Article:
You didn't notice she was hypertensive?
Her diastolic reading was normal.
Her systolic elevation was below 160.
- If you'd stayed current... - This is a very serious matter, young man.
- You may well have killed this woman. - I don't think so. She was in fine shape.
- I want an autopsy. - Never.
Look, she was my patient.
And mine for 40 years.
Margaret wouldn't want to be butchered. And nobody here would want that for her.
Give it to me, Irv.
I'm satisfied if you're satisfied, doc.
You come from a big city where people don't care about each other.
I don't expect you'd understand.
A little advice.
If you're ever going to fit in in Canaima,
learn to be sensitive to the feelings of the people here.
I'm sorry I'm more interested in medicine than public relations!
You know, cardiac victims don't usually bite their tongues off.
It's as though she went into titanic convulsions.
Until I know why, this case isn't closed.
You're damn right it's not. I believe you may be guilty of medical malpractice.
And I intend to pursue the matter to its conclusion.
Ross, I understand she was your patient. Your only patient.
Why don't you come by the gym tomorrow at 3.00?
It's a mile up the road from you.
I'll throw some business your way.
Thank you, Henry.
I appreciate that.
That was nice of him.
Think he could have said it a little louder?
A little young, isn't it?
No, Margaret. To die at 68.
That's ten years below the life expectancy of a Caucasian female. Did you know that?
Ross, you're a fine doctor.
I'm sure you knew exactly what you were doing when you took her off those pills.
Like I knew what I was doing when I chose this town?
With the country doctor from hell.
Or this fine house, which is rotting from the ground up.
I'm gonna take care of that in the morning.
Well, Margaret's still gonna be dead in the morning.
I still want to know what killed her.
He was nailing something in the cellar and the wood just disintegrated.
That's what my husband thought.
- And he's an expert in these matters? - Well... no.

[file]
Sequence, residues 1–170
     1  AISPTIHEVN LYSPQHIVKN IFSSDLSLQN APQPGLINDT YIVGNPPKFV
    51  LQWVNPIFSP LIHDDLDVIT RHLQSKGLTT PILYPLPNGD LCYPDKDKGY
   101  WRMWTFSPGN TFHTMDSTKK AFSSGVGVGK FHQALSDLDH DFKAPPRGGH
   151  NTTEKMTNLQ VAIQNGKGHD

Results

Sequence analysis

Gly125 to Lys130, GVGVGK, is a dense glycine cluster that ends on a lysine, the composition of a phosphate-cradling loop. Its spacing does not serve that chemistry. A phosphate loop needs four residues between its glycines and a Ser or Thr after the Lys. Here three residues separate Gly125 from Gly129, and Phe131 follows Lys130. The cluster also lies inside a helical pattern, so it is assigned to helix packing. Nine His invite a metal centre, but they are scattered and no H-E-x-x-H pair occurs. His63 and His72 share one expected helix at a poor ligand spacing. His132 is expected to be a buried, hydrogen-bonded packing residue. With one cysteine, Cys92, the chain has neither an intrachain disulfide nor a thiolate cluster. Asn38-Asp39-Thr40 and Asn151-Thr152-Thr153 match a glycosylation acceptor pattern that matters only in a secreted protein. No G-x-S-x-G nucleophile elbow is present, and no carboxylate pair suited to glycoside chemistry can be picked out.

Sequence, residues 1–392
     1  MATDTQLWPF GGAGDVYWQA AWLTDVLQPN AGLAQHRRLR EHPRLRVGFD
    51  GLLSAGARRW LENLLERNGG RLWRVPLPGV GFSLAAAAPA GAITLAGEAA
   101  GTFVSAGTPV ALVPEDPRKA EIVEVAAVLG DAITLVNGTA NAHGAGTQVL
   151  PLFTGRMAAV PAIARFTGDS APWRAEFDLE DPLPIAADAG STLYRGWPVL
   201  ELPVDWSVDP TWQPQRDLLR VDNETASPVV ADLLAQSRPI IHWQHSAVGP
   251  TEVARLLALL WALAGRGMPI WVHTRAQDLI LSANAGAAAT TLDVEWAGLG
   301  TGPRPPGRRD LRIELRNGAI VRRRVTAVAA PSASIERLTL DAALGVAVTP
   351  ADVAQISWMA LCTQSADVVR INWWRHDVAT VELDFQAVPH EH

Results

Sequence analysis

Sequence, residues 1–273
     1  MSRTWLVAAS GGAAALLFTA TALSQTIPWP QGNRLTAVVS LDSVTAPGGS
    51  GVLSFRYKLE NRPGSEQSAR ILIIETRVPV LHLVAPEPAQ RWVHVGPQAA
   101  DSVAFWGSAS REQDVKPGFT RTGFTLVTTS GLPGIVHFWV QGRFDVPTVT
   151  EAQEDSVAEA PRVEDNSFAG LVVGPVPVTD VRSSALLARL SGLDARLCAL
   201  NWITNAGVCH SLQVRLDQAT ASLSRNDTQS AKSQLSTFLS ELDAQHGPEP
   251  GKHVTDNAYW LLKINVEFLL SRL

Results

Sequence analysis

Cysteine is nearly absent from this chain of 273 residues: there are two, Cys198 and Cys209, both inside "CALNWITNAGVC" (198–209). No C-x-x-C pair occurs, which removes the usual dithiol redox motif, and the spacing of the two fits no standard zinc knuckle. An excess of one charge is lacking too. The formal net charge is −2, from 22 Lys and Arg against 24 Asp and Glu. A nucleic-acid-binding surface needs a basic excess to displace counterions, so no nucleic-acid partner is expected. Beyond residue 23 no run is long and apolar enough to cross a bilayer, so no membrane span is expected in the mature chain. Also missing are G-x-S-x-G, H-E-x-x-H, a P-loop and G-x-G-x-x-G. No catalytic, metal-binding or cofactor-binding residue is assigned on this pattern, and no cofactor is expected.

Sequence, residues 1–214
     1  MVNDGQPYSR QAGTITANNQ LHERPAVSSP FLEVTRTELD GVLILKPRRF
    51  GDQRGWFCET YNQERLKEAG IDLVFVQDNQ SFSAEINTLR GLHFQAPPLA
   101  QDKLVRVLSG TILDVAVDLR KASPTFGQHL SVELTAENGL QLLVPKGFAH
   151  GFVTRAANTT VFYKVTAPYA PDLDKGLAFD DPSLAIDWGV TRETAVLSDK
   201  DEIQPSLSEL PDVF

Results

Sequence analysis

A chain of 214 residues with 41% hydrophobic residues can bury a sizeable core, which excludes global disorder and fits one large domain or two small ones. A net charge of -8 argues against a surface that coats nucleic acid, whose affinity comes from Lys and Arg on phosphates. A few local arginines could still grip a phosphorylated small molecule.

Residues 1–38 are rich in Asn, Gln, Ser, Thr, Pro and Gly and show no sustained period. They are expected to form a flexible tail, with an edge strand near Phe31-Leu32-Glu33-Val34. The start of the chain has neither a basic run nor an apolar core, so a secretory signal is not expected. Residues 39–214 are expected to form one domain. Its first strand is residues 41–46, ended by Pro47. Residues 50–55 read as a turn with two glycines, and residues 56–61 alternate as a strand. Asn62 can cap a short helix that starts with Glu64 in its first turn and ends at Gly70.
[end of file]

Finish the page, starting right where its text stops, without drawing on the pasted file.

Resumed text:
Didn't think so.
I'm glad you called me.
No room for amateurs in this game.
What is it?
It's hard to say.
Would anybody object if I tore this floor out?
- I would. - False alarm, then. Lead on.
How bad is it?
I didn't find a thing. Go figure.
Then why is all the wood rotting?
I'll tell you why.
So... what do we do?
Tear out bad wood.
Put in good wood.
My husband thought this would make a good wine cellar.
I collect beer cans myself.
I got a rare '74 of Miller Lite with a misprint on the label.
Only a hundred or so cans in circulation.
The husband just might want to take a gander.
No hard shoes on the court.
Look, I know what a blow losing Margaret was for you.
People keep score. You're only as good as your last game.
- Hell, I ought to know. - I appreciate your concern, Henry.
I want you to enjoy Canaima.
Clean water, fresh air.
Got no police sirens wailing all night.
Just crickets. We have crickets up the wazoo.
Actually, I haven't heard any crickets lately, now that you mention it.
Actually, I haven't either.
Okay, Broncos, the doc's here!
Get ready to drop 'em.
The doc wants to hear you cough.
You call yourself Broncos?
You look like a bunch of babies. Come on!
You're moving in slow motion here.
That's supposed to be a banana out. Looks like a banana split!
- Shitty pass. - I heard that!
What are you, a garbage mouth?
Hit the showers.
Wash that mouth out. Miller!
- You know the patterns? - Like the back of my hand.
Get in here. Run the same thing again. Hurry up.
Come on, Miller. We're waiting on you, let's go!
Come on! Move it! You wanna play?
Come on, run. Let's go.
Up. Let's go.
Miller, you all right?
- Coach! - What's wrong with Miller?
Back up, let him breathe.
What's wrong? What is it?
Come on, give us some air.
Let's get his helmet off.
Real easy. Support his head, coach.
From what I hear, it wasn't a very hard tackle.
I only wish I knew, you see
Dr Jennings examined him last.
Why so gloomy?
Bunny Beechwood says that everybody's calling you Dr Death.
That's just silly, Shelley.
And they say you want to cut people up into little pieces.
It's called an autopsy.
It's not a very pleasant thing,
but sometimes it's the only way to find out what really happened to a person.
But some doctors who should know better won't accept that.
But some doctors who should know better just won't accept
that their big-city methods don't sit well in a small town.
Both Margaret and that poor boy did seem to be quite healthy.
It's a bit odd, don't you think, Sam?
If I autopsied everyone who ever died of a heart attack
I'd be run out of Canaima so fast...
Poor Sam. You still think life is a popularity contest.
You're not jealous of our new young doctor, are you?
Now you made me lose my timing.
You're yelling, Sam.
Come on to bed.
I need a shower.
I'd love to start taking walks around the neighbourhood with you.
It's not the same thing, Evelyn.
I need to know exactly how far I've gone
and exactly how long it took me.
Floor's cold, Sam.
You're right. You're always right.
- What's wrong? - Some damn thing bit me.